February 14, 2017
Teaching Assistantships: An opportunity, not a chore
Posted by AGU Career Center
By Seth Stein, Amir Salaree and Edward Brooks
For three hundred years, physicists debated whether light was a wave or a particle, before agreeing that it was both. Perhaps similarly, graduate students have long debated whether working as a teaching assistant was a chore or an opportunity.
Certainly, TAing sometimes feels like a chore, especially in introductory/distribution courses, flippantly called “rocks for jocks” or “moons for goons,” where some students are unmotivated and soak up lots of your time and emotional energy. Arguing over grades and dealing with cheating is frustrating. Even so, we think on the whole, TAing is an opportunity that can do you good. Here’s why:
TAing is a real job
To the students in it, a course looks pretty simple. As a TA looking from the outside in, you realize it’s a complicated system involving coordinated lectures, labs, homework, tests and other aspects. And you know that it is the TA’s job to make it work. As a TA, you are both the student and the teacher; that gives you insight into which parts work well, which don’t, and why. You can use this insight both to improve the course and in your future career, whether you’re teaching or doing similar things in another setting.
TAing builds communication and presentation skills
Explaining scientific concepts looks easy when the professor does it. When you have to do it, you realize how much work is involved. Concepts that seem to need only one-minute explanations can take hours of preparation, requiring countless different formulations and graphics until you find a version you like. Some explanations will be effective. Others won’t and you’ll have to look for an alternative. When you get it right, you’ll know it and feel good about it. The experience will help no matter what your future career.
TAing deepens your understanding
Developing clear explanations of topics in class takes a lot of thought. Sometimes you’ll realize that the explanation given in lecture or the text wasn’t that good, and you can do better. That realization will help the students, as well as your growth as a scientist.
TAing is great preparation for qualifying exams
Grad students often get in trouble on qualifying exams for not knowing basics about a subject that’s not exactly what they’re usually working on. This is especially a problem for those whose undergrad degree was in another discipline. TAing elementary courses is a great way to review – or learn – the basics.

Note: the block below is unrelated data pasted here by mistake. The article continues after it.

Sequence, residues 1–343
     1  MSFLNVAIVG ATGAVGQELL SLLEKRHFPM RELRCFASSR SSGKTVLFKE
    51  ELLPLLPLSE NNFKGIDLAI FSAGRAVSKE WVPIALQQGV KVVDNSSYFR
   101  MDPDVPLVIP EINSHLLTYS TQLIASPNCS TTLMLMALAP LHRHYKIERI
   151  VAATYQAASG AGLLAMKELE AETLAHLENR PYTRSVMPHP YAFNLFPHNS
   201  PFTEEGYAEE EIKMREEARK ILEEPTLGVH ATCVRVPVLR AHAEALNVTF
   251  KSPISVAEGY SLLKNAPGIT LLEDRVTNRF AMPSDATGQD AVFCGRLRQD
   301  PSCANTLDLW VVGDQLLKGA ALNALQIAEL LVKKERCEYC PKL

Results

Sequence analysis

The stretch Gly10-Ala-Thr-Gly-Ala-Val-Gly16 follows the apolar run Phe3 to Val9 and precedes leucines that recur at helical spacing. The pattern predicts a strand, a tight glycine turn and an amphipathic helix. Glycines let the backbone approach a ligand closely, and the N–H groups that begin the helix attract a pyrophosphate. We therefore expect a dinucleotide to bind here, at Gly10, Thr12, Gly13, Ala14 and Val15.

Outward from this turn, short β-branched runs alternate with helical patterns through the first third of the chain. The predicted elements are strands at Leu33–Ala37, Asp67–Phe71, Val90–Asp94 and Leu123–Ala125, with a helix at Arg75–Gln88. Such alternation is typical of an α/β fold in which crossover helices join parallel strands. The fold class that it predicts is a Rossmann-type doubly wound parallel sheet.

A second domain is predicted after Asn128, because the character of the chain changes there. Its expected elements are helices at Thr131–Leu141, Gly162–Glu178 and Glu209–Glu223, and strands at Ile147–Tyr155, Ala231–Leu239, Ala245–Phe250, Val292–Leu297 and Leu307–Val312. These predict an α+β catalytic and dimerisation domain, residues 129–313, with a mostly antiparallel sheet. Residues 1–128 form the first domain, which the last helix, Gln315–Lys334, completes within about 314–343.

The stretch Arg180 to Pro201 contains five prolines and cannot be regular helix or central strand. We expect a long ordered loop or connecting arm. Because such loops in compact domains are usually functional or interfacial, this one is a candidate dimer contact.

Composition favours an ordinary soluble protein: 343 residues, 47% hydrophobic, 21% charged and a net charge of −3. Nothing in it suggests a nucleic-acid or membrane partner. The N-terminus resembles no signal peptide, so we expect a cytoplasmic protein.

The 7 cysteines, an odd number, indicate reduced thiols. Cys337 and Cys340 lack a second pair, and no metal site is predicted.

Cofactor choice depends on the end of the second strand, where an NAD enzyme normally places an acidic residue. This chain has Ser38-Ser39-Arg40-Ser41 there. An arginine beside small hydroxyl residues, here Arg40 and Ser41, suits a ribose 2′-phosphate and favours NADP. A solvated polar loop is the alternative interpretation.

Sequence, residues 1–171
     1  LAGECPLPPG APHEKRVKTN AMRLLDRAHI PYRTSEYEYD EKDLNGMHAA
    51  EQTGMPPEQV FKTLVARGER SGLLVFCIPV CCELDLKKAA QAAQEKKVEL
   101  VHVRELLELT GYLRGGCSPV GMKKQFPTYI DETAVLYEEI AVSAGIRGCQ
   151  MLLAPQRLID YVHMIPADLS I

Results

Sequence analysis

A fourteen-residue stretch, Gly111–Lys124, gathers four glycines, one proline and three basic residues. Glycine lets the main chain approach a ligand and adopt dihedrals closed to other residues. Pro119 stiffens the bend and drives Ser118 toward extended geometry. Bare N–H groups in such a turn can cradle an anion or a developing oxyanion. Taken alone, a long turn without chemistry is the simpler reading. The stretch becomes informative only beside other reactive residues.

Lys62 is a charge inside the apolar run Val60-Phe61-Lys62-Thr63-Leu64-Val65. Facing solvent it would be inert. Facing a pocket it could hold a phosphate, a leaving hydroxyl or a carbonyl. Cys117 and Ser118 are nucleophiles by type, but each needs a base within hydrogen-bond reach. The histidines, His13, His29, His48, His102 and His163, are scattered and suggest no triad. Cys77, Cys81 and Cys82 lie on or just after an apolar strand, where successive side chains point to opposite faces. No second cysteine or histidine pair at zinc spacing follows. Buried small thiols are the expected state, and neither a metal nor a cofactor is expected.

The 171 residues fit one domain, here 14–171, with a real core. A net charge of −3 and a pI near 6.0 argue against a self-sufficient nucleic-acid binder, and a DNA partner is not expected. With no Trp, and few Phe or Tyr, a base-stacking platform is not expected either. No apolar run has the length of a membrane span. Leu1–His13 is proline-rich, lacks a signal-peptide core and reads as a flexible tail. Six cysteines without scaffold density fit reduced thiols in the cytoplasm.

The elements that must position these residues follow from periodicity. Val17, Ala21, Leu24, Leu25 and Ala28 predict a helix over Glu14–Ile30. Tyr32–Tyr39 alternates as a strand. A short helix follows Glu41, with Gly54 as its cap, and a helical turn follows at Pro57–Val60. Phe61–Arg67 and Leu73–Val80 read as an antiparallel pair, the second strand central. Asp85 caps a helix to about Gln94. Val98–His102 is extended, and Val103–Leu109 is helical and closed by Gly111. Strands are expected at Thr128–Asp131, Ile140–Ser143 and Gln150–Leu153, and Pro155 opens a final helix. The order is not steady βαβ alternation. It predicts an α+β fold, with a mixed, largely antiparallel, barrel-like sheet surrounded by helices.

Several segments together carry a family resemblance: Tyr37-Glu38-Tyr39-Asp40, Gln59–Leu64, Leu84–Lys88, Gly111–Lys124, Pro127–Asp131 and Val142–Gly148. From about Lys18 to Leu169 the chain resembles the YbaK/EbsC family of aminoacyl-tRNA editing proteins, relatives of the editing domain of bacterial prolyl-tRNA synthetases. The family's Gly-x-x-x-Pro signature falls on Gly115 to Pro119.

TAing develops your teaching skills
You probably think you’re a good teacher – just as 80% of people surveyed consider themselves above-average drivers – so TAing gives a reality check. You’ll quickly discard bad approaches and replace them with better ones.
TAing can improve your English
If English isn’t your native language, TAing is a great way to improve it. You’ll talk to lots of students about many different topics, in situations where they’ll expect an immediate response, and you’ll get immediate feedback about whether or not they understand you. You’ll learn to use visual aids and written material to support your spoken explanations. If you take it seriously, you’ll get good at it. Don’t worry too much about your accent – the students want clarity, friendliness, and help, not diction. Many TA’s are very successful despite English not being their native language.
TAing involves tough decisions
Helping assign grades and dealing with possible cheating cases forces you to think carefully about how to be sensible and fair – a skill you’ll need no matter how your career evolves.
TAing builds bridges with faculty
Doing a good job for a faculty member other than your advisor makes a good impression that is likely to pay off in useful advice, suggested opportunities, recommendations, or other help.
TAing helps you
Research can get solitary and frustrating – it’s easy to go for weeks without accomplishing anything. If you’ve helped some students, you have something to show and feel better.
TAing pays it forward
A few years ago, some TA helped you, perhaps even influencing the career path you’re on. You probably won’t get a chance to thank them – but you can pass the favor on by doing the same for someone else.
In summary, we think TAing is an opportunity. You can do something that’s good for yourself, good for other people – and get paid for it.
Seth Stein is William Deering Professor of Earth and Planetary Sciences at Northwestern University and president-elect of AGU’s Natural Hazards focus group. Amir Salaree and Edward Brooks are graduate students in geophysics and TAs at Northwestern University.